The Cement Coffin: A Conversation with Geraldine Smith and Charles “Chick” Hoffman

dp convoThe following conversation occurred after our April 27, 2016 screening of The Chair (1962) and The Last Request (2016) as part of the third annual (In)Justice for All Film Festival. The panelists were Geraldine Smith and Charles “Chick” Hoffman.

Geraldine Smith is a former death row inmate who wrote two books and mentored young women while incarcerated. After her release in 2008, she founded the nonprofit organization Life Builders United, which helps incarcerated women and their children deal with incarceration and prepare for life after release.

After Charles “Chick” Hoffman graduated from the University of Illinois College of Law in 1974, he joined the Peoples Law Office in Chicago, specializing in civil rights and criminal defense work. In 1986, he moved to the Illinois State Appellate Defender’s Office, where he represented more than 30 men and women in death penalty appeals to the Illinois Supreme Court. He also taught a seminar on capital punishment at DePaul Law School. Since the mid-1980s, Chick has been a member of the Board of Directors of the Illinois Coalition to Abolish the Death Penalty, and was active in the Illinois Death Penalty Moratorium Campaign in the late 1990s. He also coordinated the legal efforts that led to former Illinois Governor George Ryan commuting the death sentences of all 167 prisoners on Illinois’ Death Row in January 2003.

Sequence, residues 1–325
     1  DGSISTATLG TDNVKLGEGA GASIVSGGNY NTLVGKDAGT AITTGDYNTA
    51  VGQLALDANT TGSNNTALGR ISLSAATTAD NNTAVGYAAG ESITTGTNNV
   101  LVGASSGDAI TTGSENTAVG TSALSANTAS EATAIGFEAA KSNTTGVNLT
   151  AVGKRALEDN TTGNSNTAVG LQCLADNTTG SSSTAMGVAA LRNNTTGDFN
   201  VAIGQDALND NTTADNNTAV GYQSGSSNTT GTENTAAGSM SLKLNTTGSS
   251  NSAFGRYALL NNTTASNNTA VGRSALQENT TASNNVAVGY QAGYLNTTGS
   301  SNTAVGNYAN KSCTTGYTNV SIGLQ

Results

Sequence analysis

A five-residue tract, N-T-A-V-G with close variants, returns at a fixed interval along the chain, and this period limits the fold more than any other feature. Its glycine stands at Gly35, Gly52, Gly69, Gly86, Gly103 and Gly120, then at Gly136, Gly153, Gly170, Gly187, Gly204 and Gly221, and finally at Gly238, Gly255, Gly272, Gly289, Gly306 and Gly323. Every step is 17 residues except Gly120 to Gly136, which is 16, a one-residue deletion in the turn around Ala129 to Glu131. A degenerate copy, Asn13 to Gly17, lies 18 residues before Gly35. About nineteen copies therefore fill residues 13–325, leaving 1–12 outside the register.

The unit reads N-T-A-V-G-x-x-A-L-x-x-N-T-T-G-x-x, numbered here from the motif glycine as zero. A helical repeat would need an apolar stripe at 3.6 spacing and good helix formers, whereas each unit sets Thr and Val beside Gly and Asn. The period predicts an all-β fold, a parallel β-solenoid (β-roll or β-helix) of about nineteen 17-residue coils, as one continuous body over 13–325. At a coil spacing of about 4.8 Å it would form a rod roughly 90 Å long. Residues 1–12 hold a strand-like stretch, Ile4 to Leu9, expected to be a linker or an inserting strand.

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Charles “Chick” Hoffman (CH): This was really kind of a unique perspective on the death penalty. It’s so unusual to see something from 55 years ago, where it’s so involved with one person, their life, clemency. So much has transpired with the death penalty since then. If I could just do a brief chronology of the death penalty since then. That was in 1962, in July. In August of 1962, James Dukes was executed at the Cook County Jail in that electric chair. But after that, from 1962 until 1990, we had no executions in Illinois.

In the 1960s the DP was really disfavored. It didn’t really come back until Nixon’s law and order regime. The United States Supreme Court declared it unconstitutional in 1972, it was brought back in 1976, and Illinois had its new DP statute in 1977. Under the new DP statute, from 1977 until 2011 when it was abolished, we sent 300 men and women to death row, including this beautiful lady here, Geraldine Smith, who was the first woman sentenced to death under our new statute. Of those 300 people, we executed twelve of them, all in the 1990s, by lethal injection. We sent twenty of them home from death row because they were actually innocent. 167 of them were given blanket clemency in 2003 by Governor Ryan when he determined that our death penalty system was just completely broken, and the rest got either new trials or new sentencing hearings.